In the online biz world standard advice about writing a blog post is that you should write to one reader. I’m not sure I always succeed, but it is sensible advice.
Thinking back to the days when I planned courses, I’m not sure I ever really gave much thought to who exactly the audience was.
I think it might be a useful exercise, though.
Are you writing the course you wished you’d been offered?
Is your starting point the course you took as an undergraduate? Are you trying to plan a better class than the one you took?
Was this course not offered when you were an undergraduate but you wish it was?
Knowing what you know now, are you writing the course that you think would have prepared you better for what came next (for you)?
You were not a typical student
You were the kind of student who loved learning. You wanted to get As.
You have a passion for the subject that probably extends back to when you were an undergraduate. If you didn’t you never would have done that PhD and pursued an academic career.
“What came next” for you was graduate school. Only a small percentage of your students will go on to graduate school. An even smaller percentage will go on to graduate school in your area.
Who else is in your class?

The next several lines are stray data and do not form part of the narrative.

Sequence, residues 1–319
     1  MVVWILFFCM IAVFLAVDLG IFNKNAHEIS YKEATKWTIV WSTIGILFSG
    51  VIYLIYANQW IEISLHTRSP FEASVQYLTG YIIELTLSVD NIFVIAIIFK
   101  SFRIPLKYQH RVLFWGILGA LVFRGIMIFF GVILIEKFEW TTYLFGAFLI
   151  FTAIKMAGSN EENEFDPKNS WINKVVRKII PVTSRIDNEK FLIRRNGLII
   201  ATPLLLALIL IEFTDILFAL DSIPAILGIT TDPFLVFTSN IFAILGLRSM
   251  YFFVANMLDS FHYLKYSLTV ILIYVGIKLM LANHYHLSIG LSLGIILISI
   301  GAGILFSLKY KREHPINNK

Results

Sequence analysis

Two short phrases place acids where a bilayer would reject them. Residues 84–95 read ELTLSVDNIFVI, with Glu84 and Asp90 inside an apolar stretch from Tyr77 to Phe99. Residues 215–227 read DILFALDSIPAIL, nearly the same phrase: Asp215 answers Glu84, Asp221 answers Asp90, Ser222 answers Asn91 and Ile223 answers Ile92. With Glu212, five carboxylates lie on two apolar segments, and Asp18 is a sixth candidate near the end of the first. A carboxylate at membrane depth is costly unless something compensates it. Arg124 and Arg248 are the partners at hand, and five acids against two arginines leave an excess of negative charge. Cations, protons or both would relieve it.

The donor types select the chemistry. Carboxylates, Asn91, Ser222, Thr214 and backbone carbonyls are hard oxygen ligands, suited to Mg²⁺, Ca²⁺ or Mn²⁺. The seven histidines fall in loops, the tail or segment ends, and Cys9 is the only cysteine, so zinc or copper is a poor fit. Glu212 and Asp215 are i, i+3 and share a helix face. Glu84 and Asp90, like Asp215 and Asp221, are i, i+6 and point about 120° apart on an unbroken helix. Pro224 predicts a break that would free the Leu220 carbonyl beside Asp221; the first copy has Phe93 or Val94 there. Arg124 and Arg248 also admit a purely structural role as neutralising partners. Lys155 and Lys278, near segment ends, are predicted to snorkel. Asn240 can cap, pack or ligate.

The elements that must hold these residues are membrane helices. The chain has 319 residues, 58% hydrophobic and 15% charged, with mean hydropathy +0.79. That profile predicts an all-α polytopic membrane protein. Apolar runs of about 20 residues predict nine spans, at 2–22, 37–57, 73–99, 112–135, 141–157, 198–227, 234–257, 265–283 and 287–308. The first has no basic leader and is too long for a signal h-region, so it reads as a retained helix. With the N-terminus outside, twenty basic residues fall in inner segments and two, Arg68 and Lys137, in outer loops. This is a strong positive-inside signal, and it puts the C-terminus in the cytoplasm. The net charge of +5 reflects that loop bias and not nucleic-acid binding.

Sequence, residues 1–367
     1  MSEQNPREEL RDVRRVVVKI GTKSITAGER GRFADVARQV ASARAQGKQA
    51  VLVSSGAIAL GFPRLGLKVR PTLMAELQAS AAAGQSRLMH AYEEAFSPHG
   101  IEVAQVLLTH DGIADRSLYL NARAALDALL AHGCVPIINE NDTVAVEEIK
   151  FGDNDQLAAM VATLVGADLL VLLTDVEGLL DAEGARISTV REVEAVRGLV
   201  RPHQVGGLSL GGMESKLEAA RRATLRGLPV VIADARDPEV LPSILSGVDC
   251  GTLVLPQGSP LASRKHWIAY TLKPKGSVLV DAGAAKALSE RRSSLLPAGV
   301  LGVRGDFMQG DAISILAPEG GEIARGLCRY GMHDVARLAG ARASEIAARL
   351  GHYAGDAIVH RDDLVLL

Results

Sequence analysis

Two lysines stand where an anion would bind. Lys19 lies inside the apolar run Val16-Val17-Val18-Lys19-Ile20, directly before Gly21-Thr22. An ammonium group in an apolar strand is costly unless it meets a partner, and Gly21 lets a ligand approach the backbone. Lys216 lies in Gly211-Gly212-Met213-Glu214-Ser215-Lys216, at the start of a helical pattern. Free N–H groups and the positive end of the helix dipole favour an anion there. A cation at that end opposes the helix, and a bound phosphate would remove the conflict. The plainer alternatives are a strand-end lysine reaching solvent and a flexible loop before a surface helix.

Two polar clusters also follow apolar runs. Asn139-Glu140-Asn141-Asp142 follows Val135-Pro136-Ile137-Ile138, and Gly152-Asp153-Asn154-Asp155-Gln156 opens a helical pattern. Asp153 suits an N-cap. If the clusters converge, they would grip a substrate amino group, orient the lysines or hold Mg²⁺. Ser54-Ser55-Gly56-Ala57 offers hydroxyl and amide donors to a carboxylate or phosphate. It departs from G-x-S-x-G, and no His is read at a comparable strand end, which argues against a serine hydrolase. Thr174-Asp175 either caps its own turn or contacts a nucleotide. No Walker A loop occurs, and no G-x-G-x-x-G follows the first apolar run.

Some of your students just want a certificate that they think will improve their chances of getting a “good job” (variously defined).
Some of your students are interested in other aspects of the university experience as well as the classroom aspects.
- They are involved in student politics.
- They play varsity sports.
- They are involved in a student society.
Some of your students are really passionate about another subject and are taking your course to fill a breadth requirement.
Most of your students do not work equally hard in all of their classes.
Not all students want an A
Most students want to be rewarded for the effort they put in.
What they think constitutes an appropriate mark for their effort is based on their past experience.
What they think constitutes an appropriate effort is based on their past experience.
Neither of these things might be in line with your expectations.
Let’s ignore the few who seem to think they deserve an A just for turning up. And let’s assume that those really are the few.
You need to demonstrate the importance of the work you ask them to do
You need to make it clear what your expectations are.
- What are your objectives for this course?
- How will you assess the extent to which they have met those objectives?
- How do the various aspects of the course (lectures, seminars, reading, short exercises, etc) help them meet those objectives?
Being clear about these things — in the course outline, in classes, in individual interactions with students — enables students to get more out of your course.
It also enables you to defend the marks you give. And to actually give marks without having to manage a lot of anxiety about whether you are being fair, whether this student will contest, etc.
It doesn’t make your course harder. In fact it focuses student effort on actually learning something instead of on trying to figure out what they need to do to please you.